Histamine and Antihistamines – A brief Overview


chemical structure of Histamine C5H9N3

Histamine is a biogenic amine found in many tissues, including mast cells, basophils, lymphocytes, neurons, and gastric enterochromaffin-like cells. It is an autacoid, a molecule secreted locally to increase or decrease the activity of nearby cells. Histamine is a major mediator of allergic and inflammatory processes and also has significant roles in the regulation of gastric acid secretion, neurotransmission, and immune modulation1.

Histamine Allergies or allergic diseases

Physiology of Histamine

Histamine is synthesized from the amino acid L-histidine. The enzyme histidine decarboxylase catalyzes the decarboxylation of histidine to 2-(4-imidazolyl)ethylamine, commonly known as histamine. The synthesis of histamine occurs in mast cells and basophils of the immune system, enterochromaffin-like (ECL) cells in the gastric mucosa, and certain neurons in the central nervous system (CNS) that use histamine as a neurotransmitter1.

Histamine acts directly on the blood vessels to dilate arteries and capillaries; this action is mediated by both H1- and H2-receptors. Capillary dilatation may produce flushing of the face, a decrease in systemic blood pressure, and gastric gland secretion, causing an increased secretion of gastric juice with high acidity. Increased capillary permeability accompanies capillary dilatation, producing an outward passage of plasma protein and fluid into the extracellular spaces, an increase in lymph flow and protein content, and the formation of edema2.

Pharmacology of Antihistamines

Antihistamines are synthetic drugs that selectively counteract the pharmacological effects of histamine3. They are not receptor antagonists but are inverse agonists, i.e., they produce the opposite effect on the receptor to histamine4, 5. Antihistamines block histamine at H1 receptors, inhibit smooth muscle constriction in blood vessels and the respiratory and GI tracts, and decrease capillary permeability, salivation, and tear formation6.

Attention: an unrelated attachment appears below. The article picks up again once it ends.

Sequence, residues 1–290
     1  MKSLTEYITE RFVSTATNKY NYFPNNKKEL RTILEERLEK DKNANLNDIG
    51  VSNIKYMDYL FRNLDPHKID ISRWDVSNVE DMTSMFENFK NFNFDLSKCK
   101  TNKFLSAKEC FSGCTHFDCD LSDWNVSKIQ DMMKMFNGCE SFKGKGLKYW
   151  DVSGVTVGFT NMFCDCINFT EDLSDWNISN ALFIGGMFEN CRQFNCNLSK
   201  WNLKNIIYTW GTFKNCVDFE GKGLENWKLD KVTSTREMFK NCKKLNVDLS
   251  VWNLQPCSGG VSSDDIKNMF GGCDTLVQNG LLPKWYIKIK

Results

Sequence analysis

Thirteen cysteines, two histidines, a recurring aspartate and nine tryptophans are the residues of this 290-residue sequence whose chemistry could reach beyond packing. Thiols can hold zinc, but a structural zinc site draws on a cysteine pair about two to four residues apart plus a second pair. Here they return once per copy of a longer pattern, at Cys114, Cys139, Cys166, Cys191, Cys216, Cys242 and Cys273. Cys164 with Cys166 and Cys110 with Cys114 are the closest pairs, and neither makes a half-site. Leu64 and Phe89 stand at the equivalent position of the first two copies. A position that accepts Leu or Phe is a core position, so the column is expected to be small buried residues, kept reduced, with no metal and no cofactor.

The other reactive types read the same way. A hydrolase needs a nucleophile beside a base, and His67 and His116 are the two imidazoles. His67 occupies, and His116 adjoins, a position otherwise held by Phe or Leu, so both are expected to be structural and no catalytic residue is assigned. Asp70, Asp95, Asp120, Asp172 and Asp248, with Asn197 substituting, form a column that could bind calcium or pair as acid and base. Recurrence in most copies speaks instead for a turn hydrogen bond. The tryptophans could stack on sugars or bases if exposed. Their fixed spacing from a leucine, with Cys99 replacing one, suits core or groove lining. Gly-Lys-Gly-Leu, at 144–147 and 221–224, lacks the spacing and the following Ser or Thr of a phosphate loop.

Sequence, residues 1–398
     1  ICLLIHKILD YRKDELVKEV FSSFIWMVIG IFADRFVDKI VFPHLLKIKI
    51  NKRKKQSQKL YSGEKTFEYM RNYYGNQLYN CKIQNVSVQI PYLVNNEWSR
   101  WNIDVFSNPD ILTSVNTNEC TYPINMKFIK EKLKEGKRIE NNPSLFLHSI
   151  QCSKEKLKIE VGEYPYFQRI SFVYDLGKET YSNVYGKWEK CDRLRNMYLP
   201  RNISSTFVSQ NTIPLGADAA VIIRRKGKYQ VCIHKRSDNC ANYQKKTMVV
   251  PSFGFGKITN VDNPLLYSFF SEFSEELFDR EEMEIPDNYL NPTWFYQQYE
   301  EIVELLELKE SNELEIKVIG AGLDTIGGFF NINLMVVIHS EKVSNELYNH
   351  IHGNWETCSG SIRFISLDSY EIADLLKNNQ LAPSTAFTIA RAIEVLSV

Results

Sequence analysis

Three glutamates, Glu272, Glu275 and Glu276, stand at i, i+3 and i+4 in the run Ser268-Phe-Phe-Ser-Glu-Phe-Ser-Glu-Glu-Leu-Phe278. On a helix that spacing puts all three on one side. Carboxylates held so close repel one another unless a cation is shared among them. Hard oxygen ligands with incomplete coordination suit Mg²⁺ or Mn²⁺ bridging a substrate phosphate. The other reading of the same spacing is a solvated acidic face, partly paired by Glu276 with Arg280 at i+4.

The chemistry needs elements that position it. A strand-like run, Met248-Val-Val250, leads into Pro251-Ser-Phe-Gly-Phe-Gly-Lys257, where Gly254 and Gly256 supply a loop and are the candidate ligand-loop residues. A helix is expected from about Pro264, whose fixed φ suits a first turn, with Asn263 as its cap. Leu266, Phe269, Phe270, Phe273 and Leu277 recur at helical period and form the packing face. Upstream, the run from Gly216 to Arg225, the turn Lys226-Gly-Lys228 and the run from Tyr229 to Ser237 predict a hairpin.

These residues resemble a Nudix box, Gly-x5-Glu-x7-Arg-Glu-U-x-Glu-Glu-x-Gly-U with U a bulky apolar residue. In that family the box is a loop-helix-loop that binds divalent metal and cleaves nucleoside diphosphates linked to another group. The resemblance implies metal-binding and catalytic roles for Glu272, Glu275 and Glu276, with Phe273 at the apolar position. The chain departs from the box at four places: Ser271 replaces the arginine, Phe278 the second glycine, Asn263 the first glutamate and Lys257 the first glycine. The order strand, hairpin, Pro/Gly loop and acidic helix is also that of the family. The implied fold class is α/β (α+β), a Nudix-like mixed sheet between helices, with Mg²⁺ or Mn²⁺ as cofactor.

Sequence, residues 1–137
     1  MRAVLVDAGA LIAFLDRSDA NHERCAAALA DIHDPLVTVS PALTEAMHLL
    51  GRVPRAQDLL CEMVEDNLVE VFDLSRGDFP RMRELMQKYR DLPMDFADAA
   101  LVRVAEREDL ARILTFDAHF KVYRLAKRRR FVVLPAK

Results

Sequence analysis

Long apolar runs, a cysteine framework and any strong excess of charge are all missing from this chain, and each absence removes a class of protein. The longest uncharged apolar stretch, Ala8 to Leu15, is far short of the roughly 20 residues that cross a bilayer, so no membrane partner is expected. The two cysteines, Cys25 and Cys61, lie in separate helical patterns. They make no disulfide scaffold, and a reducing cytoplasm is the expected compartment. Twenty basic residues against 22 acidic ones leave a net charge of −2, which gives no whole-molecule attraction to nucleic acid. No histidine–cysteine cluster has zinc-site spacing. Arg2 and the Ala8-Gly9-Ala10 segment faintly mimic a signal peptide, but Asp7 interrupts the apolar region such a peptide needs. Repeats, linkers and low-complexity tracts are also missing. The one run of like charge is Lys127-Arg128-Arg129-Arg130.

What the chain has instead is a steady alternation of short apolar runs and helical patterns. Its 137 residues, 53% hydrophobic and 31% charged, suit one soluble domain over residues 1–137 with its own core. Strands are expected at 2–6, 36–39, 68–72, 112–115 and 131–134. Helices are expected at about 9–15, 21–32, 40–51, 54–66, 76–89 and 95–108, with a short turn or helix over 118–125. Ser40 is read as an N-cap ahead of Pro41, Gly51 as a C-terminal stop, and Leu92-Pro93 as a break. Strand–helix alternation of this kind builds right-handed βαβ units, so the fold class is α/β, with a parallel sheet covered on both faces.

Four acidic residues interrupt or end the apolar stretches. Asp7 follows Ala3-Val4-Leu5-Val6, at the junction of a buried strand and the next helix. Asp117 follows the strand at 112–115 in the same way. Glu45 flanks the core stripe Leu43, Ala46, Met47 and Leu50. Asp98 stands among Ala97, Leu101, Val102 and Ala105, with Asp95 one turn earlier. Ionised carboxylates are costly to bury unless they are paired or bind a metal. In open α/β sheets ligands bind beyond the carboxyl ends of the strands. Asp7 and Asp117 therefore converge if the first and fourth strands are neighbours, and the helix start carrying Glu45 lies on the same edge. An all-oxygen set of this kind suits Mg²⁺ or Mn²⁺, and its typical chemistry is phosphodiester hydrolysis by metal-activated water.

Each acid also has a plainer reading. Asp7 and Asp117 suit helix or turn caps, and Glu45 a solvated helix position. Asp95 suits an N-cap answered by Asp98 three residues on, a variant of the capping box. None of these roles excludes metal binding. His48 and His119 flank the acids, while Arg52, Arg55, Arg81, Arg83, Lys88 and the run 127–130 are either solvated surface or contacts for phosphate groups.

First-generation antihistamines are less effective than second-generation antihistamines and have unwanted side effects, particularly central nervous system and anti-cholinergic effects. Second-generation antihistamines are more efficacious and safe for the treatment of allergic disease4. Of the three drugs highlighted in this review, levocetirizine and fexofenadine are the most efficacious in humans in vivo5. However, levocetirizine may cause somnolence in susceptible individuals, while fexofenadine has a relatively short duration of action, requiring twice-daily administration for full all-round daily protection. Desloratadine is less efficacious, but it has the advantages of rarely causing somnolence and having a long duration of action4, 5.

Histamine and antihistamine medicine


Histamine plays a crucial role in various physiological and pathological processes. Antihistamines, particularly second-generation ones, have proven to be effective in managing conditions where histamine plays a detrimental role. Understanding the pharmacology of histamine and antihistamines can lead to the development of more effective therapeutic strategies for conditions such as allergies and inflammatory diseases.

Disclaimer: This article is for informational purposes only and does not constitute medical advice. Always seek the advice of a healthcare provider with any questions regarding a medical condition.

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